SLC welcomes the NMC’s decision to conduct a stocktake of English language requirements for overseas nurses wanting to work in the UK, as reported in the Nursing Times.
While the establishment of an English language level for nurses working in high stakes environments makes complete sense, from the very start we have had concerns about the choice of test and level set by the NMC. These concerns have increased firstly with the research we conducted for the White Paper released earlier this year, secondly, our participation in a recent round table consisting of NHS Trusts and recruitment companies, and thirdly our experience of training 100s of nurses both in exam preparation and in nursing English.
The test, Academic IELTS, and the level set – 7.0 from a maximum of 9.0 in the four papers (writing, speaking, listening and reading) is the same as Oxford University require overseas applicants to achieve in order to study on their undergraduate programmes and higher than that required for overseas candidates attending Nursing degree programmes offered in the UK.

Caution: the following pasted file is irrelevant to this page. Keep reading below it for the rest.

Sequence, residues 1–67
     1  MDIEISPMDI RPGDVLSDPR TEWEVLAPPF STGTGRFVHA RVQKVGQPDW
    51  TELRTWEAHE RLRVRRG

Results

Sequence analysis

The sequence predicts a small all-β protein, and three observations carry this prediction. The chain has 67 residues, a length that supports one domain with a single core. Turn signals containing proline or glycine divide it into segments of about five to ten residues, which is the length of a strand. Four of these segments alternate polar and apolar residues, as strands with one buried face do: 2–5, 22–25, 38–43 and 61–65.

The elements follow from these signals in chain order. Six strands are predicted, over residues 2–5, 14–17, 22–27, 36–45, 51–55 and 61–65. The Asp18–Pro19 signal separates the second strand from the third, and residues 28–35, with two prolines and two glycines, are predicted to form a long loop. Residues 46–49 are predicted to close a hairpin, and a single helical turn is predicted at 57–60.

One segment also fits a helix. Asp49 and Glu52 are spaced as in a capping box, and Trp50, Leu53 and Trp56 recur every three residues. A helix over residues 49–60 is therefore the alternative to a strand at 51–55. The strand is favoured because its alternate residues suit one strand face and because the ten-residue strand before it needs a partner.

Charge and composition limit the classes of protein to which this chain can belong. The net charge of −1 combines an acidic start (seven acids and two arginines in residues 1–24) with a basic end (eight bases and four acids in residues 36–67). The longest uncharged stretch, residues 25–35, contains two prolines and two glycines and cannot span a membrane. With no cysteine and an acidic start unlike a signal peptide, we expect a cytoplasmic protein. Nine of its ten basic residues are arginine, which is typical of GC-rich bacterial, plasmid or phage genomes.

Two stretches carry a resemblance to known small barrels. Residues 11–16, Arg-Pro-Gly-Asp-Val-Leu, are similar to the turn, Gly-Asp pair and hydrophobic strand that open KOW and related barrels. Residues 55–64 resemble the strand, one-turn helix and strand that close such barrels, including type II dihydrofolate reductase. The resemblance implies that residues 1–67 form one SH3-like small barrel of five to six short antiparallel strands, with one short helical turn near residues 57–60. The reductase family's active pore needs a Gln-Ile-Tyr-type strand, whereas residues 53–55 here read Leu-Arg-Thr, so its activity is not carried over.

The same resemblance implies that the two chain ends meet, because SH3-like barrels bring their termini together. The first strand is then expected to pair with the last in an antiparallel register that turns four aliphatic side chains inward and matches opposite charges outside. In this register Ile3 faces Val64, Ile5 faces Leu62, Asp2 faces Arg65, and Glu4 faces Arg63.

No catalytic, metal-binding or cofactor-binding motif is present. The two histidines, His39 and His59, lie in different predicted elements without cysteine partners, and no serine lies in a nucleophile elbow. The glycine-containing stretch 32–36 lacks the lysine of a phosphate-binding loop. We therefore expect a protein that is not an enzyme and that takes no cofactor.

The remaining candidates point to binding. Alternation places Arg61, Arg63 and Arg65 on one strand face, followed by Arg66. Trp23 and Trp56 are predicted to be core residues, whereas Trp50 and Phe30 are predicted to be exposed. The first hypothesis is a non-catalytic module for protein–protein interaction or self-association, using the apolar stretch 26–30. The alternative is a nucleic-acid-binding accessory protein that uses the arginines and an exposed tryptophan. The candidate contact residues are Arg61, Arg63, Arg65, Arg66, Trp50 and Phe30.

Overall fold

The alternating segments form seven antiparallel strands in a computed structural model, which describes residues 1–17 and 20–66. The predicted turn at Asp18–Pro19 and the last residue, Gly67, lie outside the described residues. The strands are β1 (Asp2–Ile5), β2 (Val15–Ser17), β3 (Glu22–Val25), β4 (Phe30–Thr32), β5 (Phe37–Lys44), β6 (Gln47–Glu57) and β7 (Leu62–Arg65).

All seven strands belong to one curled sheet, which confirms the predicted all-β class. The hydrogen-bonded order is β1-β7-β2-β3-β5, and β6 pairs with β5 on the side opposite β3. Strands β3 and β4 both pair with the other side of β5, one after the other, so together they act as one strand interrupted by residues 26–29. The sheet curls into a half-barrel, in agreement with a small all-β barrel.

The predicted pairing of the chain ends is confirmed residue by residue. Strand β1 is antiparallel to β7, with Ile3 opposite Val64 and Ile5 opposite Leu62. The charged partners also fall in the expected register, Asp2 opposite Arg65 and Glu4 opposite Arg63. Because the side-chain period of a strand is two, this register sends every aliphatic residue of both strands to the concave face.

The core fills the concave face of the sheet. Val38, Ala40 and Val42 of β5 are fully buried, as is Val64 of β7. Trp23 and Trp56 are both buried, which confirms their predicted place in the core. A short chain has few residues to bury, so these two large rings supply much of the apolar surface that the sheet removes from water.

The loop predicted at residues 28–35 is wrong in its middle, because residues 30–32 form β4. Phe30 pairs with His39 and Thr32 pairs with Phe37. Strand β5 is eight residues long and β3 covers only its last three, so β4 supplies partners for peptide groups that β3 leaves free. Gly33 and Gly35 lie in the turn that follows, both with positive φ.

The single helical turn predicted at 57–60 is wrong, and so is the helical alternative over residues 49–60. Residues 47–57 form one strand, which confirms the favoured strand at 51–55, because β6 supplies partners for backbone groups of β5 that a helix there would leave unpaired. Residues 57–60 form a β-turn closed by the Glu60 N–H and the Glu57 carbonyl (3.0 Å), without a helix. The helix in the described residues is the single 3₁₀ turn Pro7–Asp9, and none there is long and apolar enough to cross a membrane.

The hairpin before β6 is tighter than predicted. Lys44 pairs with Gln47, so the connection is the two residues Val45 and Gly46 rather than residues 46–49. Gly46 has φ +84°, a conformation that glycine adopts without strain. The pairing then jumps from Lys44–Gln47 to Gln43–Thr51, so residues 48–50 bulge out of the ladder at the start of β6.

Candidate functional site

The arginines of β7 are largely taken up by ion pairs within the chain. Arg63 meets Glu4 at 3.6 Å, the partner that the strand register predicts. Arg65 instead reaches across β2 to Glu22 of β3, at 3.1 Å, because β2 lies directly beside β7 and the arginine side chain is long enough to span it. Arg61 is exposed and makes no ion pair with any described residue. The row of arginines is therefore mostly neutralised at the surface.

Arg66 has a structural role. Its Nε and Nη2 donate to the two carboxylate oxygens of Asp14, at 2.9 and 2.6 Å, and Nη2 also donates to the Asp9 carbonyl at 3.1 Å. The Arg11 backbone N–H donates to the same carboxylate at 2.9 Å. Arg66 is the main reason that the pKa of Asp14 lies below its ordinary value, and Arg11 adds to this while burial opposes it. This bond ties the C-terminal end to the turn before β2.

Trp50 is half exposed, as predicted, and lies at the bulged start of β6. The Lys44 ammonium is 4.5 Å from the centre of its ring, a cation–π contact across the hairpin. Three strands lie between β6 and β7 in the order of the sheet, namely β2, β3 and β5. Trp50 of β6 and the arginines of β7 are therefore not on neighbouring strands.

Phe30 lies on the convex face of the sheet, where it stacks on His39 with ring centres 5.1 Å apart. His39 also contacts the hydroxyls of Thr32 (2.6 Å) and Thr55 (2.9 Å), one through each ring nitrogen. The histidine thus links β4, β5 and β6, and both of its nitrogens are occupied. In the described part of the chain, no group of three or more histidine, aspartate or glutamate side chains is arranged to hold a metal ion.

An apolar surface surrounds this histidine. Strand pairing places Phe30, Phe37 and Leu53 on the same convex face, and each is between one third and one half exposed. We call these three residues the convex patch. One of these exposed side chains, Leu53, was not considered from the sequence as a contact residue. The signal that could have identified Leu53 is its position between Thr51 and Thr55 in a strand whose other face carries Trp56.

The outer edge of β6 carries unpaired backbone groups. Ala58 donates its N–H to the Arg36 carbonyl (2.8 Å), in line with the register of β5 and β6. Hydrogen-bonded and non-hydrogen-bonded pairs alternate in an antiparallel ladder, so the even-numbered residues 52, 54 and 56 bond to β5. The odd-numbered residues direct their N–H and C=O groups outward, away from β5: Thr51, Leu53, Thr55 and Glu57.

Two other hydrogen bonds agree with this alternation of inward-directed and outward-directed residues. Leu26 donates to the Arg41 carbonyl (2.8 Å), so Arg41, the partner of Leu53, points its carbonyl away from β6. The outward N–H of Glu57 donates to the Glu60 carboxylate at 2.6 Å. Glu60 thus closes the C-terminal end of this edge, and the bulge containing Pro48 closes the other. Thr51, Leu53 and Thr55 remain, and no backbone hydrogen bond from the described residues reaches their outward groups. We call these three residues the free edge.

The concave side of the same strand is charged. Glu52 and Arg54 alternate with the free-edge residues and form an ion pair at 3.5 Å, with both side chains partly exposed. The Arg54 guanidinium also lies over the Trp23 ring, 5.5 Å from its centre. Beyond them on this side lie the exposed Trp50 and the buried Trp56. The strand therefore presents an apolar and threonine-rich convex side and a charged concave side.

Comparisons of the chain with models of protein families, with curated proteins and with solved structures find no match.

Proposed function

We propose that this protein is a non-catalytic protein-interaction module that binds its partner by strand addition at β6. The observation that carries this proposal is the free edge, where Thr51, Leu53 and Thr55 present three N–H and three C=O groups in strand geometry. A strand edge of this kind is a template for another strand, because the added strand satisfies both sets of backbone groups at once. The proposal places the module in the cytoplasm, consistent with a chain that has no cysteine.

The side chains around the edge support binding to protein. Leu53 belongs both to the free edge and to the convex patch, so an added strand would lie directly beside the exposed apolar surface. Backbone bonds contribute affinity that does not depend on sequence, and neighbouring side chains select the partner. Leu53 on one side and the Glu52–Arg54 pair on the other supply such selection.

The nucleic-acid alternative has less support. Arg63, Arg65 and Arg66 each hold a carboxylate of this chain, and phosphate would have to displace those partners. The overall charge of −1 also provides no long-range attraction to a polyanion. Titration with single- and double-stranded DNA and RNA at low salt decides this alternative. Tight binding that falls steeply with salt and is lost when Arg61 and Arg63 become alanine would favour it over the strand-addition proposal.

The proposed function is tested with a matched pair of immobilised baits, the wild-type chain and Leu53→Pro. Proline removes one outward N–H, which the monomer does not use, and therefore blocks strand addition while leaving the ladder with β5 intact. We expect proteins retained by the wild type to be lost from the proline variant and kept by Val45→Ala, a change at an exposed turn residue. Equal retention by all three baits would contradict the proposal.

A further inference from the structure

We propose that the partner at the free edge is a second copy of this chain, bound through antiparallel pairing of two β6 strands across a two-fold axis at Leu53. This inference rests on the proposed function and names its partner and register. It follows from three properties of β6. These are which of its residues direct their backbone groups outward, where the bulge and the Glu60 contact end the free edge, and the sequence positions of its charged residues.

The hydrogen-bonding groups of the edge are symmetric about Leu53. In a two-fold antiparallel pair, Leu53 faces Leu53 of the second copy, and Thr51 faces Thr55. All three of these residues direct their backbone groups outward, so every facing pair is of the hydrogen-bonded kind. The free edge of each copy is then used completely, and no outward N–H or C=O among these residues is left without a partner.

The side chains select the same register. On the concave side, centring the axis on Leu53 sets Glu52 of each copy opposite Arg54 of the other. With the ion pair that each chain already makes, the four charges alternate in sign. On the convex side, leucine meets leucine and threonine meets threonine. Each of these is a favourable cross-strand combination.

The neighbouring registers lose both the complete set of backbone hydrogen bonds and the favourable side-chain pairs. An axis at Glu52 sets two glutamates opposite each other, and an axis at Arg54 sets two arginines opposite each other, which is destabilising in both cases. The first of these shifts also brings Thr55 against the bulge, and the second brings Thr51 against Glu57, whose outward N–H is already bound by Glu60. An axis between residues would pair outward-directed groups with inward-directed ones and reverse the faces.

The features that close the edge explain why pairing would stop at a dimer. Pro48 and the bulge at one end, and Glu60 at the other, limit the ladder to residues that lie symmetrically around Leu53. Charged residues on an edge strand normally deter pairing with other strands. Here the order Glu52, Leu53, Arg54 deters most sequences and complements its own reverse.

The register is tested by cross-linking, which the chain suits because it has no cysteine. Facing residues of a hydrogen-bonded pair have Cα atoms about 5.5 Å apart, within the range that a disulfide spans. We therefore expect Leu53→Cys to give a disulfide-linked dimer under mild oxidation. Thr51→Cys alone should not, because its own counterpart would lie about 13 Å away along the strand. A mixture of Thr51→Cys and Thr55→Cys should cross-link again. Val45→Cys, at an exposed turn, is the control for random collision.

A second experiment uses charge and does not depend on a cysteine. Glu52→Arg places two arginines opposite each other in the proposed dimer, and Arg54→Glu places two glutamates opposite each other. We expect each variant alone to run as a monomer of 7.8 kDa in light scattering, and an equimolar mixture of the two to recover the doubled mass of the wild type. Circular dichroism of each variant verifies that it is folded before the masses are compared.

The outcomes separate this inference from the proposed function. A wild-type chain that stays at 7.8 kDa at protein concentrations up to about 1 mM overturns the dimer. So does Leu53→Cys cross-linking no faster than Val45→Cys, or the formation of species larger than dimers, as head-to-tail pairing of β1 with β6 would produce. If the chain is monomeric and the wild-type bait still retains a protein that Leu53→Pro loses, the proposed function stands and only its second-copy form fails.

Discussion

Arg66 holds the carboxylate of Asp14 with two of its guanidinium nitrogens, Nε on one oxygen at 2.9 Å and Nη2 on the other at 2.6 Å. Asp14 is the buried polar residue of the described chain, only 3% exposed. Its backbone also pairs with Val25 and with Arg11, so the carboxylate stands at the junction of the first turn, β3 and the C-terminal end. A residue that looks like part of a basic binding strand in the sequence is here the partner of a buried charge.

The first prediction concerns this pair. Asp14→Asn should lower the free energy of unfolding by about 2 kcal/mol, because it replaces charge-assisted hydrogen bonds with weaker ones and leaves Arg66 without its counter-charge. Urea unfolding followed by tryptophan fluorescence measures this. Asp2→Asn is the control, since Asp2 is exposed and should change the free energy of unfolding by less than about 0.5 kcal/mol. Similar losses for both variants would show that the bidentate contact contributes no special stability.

Moreover, Academic IELTS is designed specifically to test the academic English skills of students wanting to study in English-speaking universities. It does not test those vital clinical language skills required by nurses when discussing symptoms and treatments, giving accurate ward handovers, talking to distressed relatives, etc.
SLC works extensively with NHS Trusts, private healthcare organisations, and international healthcare recruitment companies preparing their candidates for the test. We see how nurses are having to spend 100s of hours in many cases learning how to write academic essays, understand seminars, and read articles on subjects ranging from history to the environment to the arts.
Many nurses – as well as their potential employers – cannot understand the relevancy of this and, understandably, motivation levels are low. The required score being so high only exacerbates this, as without the 100s of hours of tuition, achievement rates at this level remain depressed. Individuals and hospitals have to invest months of training and considerable amounts of money to learn language that they may never use in practice.